“There is no need, however, to understand this in any other way than to imply that the benefits of the atonement are only intended to be effective in the case of those who believe. Over against the Lutheran view that participation in the bread and wine invariably means participation in the body and blood of Christ, Calvin taught that participation in Christ is only through faith. The promise of the gospel is to all, but is only intended to benefit those who believe. Calvin’s many statements of the atonement as being for believers are in full harmony with his view that the atonement is for all, in the context of promise, and for some, in the context of election. For belief is the response both invited by the promise, and given by election.”

    2) Is that all you’ve got in Calvin? Even William Cunningham admits that “it stands alone,–so far as we know,–in Calvin’s writings, and for this reason we do not found much upon it;…” Do you want to “found” everything upon it, even against the hundreds that Flynn has gathered? Or do you have something else? Moreover, how does this quote square with other statements in that same tract wherein Calvin says “the sins of the world were expiated”?

  17. The above G. Michael Thomas reference is from his The Extent of the Atonement (Paternoster Publishing, 1997), pp. 39-40. The full quote can be found in the link I provided above, along with other responses to this issue, such as Dr. Curt Daniel’s extensive reply contained in his dissertation.

  18. Gary,

    Again, I am still curious about your thoughts concerning Rainbow’s assessment of Calvin’s view on 1) God’s universal love and 2) God’s universal saving will. Do you think Jonathan Rainbow’s research is credible on that point? And what about Nicole’s view on the Heidelberg school? Is he right that they (Ursinus, Paraeus and Kimedoncius) did not teach a form of universal redemption? Flynn, as you know, has documented quite a bit from these men as well. Does the “cherry-picking” accusation pertain to all of Flynn’s documentation on the early reformers in your view? Or just the Calvin material?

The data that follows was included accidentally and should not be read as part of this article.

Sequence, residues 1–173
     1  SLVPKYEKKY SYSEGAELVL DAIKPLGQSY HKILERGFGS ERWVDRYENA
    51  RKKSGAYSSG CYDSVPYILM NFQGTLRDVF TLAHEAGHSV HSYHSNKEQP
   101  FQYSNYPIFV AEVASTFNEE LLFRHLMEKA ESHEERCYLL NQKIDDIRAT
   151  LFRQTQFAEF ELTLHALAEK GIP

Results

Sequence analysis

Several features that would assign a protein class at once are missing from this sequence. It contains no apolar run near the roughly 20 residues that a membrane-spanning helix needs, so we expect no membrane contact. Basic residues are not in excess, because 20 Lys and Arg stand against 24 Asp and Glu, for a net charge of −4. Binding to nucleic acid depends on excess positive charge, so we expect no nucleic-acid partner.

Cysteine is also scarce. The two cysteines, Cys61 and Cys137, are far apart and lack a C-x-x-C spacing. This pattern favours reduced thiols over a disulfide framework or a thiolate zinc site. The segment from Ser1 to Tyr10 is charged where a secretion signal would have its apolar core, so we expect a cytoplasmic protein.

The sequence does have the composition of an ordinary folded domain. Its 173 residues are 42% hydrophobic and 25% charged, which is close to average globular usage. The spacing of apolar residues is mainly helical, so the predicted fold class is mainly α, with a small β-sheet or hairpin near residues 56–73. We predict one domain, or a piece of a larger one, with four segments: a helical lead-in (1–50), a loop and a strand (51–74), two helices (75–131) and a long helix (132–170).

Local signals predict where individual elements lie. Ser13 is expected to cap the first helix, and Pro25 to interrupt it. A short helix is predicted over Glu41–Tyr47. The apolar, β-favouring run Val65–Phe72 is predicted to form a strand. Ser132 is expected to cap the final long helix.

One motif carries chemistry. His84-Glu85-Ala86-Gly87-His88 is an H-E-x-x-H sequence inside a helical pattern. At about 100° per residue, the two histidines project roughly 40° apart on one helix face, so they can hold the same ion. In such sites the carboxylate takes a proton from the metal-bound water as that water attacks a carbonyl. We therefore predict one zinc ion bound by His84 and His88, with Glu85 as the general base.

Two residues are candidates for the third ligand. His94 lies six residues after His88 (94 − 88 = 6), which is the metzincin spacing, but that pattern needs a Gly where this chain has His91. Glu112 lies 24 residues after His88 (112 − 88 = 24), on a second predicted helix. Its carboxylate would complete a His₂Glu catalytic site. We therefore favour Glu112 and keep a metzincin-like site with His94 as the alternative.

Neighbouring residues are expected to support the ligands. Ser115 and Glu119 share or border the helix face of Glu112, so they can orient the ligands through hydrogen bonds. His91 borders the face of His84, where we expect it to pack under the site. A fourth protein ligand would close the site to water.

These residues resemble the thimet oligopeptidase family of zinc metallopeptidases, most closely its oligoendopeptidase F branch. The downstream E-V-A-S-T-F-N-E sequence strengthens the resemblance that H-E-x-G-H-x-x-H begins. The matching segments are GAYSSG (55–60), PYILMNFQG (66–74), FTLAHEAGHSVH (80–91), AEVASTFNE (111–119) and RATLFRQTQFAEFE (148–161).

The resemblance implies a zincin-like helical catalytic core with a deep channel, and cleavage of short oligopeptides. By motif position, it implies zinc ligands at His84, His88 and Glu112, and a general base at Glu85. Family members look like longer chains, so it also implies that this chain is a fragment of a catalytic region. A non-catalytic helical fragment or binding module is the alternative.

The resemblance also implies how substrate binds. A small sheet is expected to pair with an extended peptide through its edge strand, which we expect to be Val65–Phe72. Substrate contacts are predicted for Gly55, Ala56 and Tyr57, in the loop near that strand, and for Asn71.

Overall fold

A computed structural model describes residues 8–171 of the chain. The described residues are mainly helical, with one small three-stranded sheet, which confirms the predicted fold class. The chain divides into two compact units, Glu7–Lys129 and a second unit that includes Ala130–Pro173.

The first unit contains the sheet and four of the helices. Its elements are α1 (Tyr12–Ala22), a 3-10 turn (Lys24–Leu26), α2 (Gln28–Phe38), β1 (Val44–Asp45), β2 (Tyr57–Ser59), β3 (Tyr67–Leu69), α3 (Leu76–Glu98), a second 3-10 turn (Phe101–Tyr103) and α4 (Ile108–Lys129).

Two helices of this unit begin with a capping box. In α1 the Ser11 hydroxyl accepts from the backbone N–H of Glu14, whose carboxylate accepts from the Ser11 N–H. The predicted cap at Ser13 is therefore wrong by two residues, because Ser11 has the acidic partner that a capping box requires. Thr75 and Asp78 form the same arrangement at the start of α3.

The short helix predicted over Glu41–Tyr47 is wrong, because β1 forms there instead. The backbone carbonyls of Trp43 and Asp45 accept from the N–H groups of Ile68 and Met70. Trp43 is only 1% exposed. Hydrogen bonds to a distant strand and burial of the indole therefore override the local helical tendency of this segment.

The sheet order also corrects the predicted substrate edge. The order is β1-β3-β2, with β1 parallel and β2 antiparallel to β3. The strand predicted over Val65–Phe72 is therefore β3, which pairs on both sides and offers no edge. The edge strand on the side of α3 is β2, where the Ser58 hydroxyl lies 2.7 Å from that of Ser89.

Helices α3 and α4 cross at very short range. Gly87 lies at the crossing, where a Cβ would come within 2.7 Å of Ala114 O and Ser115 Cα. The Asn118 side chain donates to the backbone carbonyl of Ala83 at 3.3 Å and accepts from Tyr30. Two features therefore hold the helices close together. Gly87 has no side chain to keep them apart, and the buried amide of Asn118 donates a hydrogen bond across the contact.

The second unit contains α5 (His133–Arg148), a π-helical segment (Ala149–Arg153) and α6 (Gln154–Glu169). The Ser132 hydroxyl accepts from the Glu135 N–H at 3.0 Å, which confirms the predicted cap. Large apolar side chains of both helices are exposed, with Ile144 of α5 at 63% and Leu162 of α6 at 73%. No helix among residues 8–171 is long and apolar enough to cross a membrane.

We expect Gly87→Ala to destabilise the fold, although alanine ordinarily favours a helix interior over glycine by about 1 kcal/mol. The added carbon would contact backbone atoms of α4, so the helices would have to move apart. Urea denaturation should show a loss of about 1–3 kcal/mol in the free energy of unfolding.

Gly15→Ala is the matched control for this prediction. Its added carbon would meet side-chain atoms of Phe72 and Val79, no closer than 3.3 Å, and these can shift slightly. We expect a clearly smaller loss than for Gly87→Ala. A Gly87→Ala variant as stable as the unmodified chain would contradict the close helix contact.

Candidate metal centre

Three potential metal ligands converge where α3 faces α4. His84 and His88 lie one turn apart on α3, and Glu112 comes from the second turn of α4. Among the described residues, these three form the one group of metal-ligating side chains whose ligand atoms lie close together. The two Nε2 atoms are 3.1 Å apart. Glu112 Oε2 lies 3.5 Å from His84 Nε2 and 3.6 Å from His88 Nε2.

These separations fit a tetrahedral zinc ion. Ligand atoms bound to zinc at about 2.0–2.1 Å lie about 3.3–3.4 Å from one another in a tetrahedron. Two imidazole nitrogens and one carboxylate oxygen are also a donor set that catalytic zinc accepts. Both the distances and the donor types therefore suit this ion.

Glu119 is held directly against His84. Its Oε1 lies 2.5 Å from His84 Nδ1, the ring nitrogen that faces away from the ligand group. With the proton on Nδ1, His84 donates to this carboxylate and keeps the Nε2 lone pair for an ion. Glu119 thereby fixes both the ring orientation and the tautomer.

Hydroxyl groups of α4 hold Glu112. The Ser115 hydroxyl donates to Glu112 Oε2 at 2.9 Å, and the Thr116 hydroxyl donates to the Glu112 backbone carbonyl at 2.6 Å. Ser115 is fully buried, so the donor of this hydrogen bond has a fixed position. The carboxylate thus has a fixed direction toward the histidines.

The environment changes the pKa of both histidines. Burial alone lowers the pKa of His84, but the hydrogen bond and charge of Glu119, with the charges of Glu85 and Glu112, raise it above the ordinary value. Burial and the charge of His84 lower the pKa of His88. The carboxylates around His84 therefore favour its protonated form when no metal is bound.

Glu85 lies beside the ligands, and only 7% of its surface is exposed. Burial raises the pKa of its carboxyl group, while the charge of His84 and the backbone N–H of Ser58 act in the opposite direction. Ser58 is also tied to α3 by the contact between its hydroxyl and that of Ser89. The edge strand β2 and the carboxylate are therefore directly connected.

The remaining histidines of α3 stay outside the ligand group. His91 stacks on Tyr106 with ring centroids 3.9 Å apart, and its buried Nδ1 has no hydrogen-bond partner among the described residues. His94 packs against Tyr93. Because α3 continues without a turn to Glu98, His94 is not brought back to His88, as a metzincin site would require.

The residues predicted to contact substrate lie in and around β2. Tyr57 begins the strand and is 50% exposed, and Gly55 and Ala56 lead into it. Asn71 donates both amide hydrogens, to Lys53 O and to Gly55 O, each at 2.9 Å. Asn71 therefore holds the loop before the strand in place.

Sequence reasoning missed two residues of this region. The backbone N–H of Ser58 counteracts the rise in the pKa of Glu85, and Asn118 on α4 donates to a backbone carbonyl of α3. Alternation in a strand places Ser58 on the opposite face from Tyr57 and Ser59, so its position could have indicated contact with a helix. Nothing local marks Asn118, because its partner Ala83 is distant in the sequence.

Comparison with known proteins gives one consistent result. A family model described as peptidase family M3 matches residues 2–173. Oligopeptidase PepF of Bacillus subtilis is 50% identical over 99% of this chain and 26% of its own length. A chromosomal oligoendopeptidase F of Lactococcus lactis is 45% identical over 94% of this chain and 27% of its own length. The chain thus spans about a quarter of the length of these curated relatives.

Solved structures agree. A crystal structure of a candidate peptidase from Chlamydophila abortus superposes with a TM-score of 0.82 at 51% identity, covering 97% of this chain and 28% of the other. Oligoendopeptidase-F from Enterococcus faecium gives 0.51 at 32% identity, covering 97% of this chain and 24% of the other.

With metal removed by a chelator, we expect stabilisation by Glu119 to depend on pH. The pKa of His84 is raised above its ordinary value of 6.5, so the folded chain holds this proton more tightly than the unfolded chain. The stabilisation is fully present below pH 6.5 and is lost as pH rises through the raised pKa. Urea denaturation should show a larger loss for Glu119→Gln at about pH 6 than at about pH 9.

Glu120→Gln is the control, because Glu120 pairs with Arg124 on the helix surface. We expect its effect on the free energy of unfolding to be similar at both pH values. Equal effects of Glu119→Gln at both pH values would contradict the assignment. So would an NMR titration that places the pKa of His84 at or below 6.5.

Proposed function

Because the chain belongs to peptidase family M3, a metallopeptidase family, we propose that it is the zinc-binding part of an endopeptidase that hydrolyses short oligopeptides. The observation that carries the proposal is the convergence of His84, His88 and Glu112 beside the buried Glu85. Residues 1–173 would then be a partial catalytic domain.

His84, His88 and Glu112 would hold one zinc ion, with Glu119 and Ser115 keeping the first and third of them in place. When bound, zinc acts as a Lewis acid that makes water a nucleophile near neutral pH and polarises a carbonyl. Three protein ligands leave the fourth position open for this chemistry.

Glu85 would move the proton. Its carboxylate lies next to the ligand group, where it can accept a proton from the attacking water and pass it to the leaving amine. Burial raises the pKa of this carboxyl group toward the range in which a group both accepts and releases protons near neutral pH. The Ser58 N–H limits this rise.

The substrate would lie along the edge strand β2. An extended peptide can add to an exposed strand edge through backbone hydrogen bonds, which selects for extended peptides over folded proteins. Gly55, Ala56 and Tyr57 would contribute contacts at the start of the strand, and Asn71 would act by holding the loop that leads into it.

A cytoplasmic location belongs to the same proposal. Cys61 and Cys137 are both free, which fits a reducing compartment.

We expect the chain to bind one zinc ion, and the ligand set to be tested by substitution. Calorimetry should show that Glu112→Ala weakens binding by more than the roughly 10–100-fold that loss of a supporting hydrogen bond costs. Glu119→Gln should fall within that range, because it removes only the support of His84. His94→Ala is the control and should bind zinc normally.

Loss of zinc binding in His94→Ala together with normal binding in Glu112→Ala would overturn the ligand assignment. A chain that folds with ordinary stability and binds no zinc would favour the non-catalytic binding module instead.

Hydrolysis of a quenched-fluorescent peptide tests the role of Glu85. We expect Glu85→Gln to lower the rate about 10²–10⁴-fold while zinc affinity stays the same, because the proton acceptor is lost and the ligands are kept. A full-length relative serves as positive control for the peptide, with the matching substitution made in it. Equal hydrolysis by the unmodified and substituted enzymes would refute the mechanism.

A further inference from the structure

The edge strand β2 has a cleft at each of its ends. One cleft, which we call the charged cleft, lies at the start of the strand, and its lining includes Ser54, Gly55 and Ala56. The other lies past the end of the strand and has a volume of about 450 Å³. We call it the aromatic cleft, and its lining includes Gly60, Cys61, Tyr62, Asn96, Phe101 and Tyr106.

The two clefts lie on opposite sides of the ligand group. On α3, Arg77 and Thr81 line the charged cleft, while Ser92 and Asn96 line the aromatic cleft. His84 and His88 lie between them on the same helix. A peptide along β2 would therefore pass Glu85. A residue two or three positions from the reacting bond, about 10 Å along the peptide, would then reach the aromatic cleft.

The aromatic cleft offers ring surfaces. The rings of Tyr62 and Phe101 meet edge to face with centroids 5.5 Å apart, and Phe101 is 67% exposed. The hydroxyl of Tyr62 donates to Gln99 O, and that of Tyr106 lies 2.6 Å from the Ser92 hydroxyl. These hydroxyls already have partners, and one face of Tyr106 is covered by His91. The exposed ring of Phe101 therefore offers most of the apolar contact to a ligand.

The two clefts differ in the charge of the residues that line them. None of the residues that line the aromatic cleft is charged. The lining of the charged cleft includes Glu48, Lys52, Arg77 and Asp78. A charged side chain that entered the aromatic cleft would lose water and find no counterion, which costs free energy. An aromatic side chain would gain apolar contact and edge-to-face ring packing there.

19. Terry
    No Calvin is not contradicting himself- please note the context of your citation. Participating in the Lord’s Supper in the Visible Church is mixed- but the intend of Christ’s work is paricular and efficient only for the elect. Also, Calvin’s comments are to be framed, as he himself tells, within the overall structiure of the Institutes and not taken at random and linked together like pearls on a string- this is where Rainbow has served to highlight Calvin’s thought in its overall context.

  20. “And the first thing to be attended to is, that so long as we are without Christ and separated from him, nothing which he suffered and did for the salvation of the human race is of the least benefit to us. To communicate to us the blessings which he received from the Father, he must become ours and dwell in us.” Institutes 3.1.1.

    “On the other hand, suppose he learns, as Scripture teaches, that he was estranged from God through sin, is an heir of wrath, subject to the curse of eternal death, excluded from all hope of salvation, beyond every blessing of God, the slave of Satan, captive under the yoke of sin, destined finally for a dreadful destruction and already involved in it; and that at this point Christ interceded as his advocate, took upon himself and suffered the punishment that, from God’s righteous judgment, threatened all sinners; that he purged with his blood those evils which had rendered sinners hateful to God;…” Institutes, 2.16.2.

    “Once for all, therefore, he gave his body to be made bread when he yielded himself to be crucified for the redemption of the world; daily he gives it when by the word of the gospel he offers it for us to partake, inasmuch as it was crucified, when he seals such giving of himself by the sacred mystery of the Supper, and when he inwardly fulfills what he outwardly designates.” Institutes, 4.17.5.